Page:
Not only are beans in high fibre but they packed with antioxidants, when you think antioxidants think colour, think black beans[2]. They are an excellent additional source of plant based protein, are mineral rich, they are cheap and they can fit into a healthy food budget. I highly recommend you start to introduce beans into your daily diet if you have not already, start with ½ at one meal a day and build to 1 cup most days.

Types of Beans

  • Black beans, chickpeas, cannellini beans, split peas, kidney beans, mung beans, aduki beans, baked beans, green peas
  • Seeds high in soluble fibre: Chia seeds, Buckwheat

If you're really committed to eating more beans - buy a pressure cooker. This way you can cook your own beans in very short periods of time.

  1. Toss can beans through a salad, black beans are great as they don’t really taste like anything and have the highest amount of soluble fibre and are easy on the digestion when starting out.
  2. Add hummus to your foods, as a stand alone hero, with vegetables sticks or whole grain crackers or just add to a meal for a favour enhancement.
  3. Baked beans, a classic favorite for breakfast, when purchasing look for low salt and sugar or make your own
  4. Chilli Bean nachos
  5. Thicken stews & soups with beans and legumes.
  6. Make your next curry vegetable and opt for lentils and beans instead

Chickpea Salad

Chiropractic Porirua Chickpea Recipe

Ingredients

  • 2 cans of chickpeas, drained and rinse
  • 1 medium cucumber, chopped
  • 2 chopped tomatoes or cherry tomatoes (when in season)
  • 1 bell pepper, chopped
  • 1/2 red onion, thinly sliced
  • 1/2 c. chopped kalamata olives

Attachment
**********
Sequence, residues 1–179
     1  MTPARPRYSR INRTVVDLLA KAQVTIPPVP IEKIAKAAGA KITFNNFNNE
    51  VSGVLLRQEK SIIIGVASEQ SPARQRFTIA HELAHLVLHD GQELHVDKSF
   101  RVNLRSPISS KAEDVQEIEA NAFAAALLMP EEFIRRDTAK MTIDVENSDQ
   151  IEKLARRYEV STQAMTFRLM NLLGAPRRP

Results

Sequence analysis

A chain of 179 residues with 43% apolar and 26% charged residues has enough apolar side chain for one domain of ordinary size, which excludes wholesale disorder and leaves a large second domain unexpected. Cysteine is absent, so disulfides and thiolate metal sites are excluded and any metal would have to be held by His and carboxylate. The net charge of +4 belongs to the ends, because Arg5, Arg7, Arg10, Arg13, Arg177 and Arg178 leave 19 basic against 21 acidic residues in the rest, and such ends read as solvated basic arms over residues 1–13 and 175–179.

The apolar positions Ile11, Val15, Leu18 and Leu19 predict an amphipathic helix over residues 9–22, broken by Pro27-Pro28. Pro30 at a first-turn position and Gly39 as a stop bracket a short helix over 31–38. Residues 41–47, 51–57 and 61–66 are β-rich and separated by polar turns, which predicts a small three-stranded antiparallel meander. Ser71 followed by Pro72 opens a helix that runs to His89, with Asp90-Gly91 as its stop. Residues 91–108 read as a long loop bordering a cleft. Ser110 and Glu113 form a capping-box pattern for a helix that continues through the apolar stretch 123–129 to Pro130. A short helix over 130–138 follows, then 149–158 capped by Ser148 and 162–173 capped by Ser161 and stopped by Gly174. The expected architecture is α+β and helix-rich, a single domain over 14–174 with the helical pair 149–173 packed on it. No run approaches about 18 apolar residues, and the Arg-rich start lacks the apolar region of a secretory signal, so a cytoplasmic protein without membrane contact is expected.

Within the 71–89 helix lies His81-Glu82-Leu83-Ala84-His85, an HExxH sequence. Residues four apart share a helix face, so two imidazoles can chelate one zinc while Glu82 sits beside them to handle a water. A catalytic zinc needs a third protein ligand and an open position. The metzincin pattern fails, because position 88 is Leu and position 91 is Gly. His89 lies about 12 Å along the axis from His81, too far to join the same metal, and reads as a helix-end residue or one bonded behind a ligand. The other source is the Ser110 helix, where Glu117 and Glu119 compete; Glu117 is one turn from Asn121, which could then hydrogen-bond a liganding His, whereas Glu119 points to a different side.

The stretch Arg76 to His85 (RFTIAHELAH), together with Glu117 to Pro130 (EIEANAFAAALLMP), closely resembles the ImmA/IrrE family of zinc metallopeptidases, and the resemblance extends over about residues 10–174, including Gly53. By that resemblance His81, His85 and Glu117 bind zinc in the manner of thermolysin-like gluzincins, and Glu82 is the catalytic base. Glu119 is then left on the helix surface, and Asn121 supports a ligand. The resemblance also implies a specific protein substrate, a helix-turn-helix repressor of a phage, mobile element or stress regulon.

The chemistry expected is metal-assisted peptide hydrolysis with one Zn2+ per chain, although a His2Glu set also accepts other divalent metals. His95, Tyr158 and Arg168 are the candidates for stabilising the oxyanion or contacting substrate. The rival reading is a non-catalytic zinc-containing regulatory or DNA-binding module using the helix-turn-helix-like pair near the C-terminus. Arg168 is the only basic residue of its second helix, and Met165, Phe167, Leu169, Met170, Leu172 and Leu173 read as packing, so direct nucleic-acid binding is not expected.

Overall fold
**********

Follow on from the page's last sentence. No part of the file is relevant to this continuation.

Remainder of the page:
• crumbled feta (to taste, if tolerated)
  • Handful of whole or chopped leafy greens, spinach, silverbeet, rocket
  • Salt & pepper to taste

Lemon and Parsley Dressing

  • 1/2 c. extra-virgin olive oil
  • 1/4 c. apple cider vinegar
  • 1 tbsp. lemon juice
  • 1 tbsp. freshly chopped parsley
  • ½ tsp of ground cumin
  • Optional 1/4 tsp. red pepper flakes
  • Salt & pepper to taste.

DIRECTIONS

  1. Make salad: In a large bowl, toss together chickpeas with the other ingredients. Season with salt and pepper to taste. Make vinaigrette: In a jar fitted with a lid, combine ingredients, close the jar and shake until emulsified, then season with salt and pepper.
  2. Dress salad with vinaigrette to serve

[1] Eastwood MA. Dietary fibre, functions by modulating the entero-hepatic circulation. QJM. 2019 Nov 1;112(11):833-834. doi: 10.1093/qjmed/hcz090. PMID: 31081039.

[2] Zaman SA, Sarbini SR. The potential of resistant starch as a prebiotic. Crit Rev Biotechnol. 2016;36(3):578-84. doi: 10.3109/07388551.2014.993590. Epub 2015 Jan 13. PMID: 25582732.

[3] Butyrate-rich colonic microenvironment is a relevant selection factor for metabolically adapted tumor cells. J. Biol. Chem. 2010;285:39211–39223. doi: 10.1074/jbc.M110.156026

[4] Yang X, Darko KO, Huang Y, He C, Yang H, He S, Li J, Li J, Hocher B, Yin Y. Resistant Starch Regulates Gut Microbiota: Structure, Biochemistry and Cell Signalling. Cell Physiol Biochem. 2017;42(1):306-318. doi: 10.1159/000477386. Epub 2017 May 25. PMID: 28535508.

[5] Folkerts J, Stadhouders R, Redegeld FA, et al. Effect of Dietary Fiber and Metabolites on Mast Cell Activation and Mast Cell-Associated Diseases. Front Immunol. 2018;9:1067. Published 2018 May 29. doi:10.3389/fimmu.2018.01067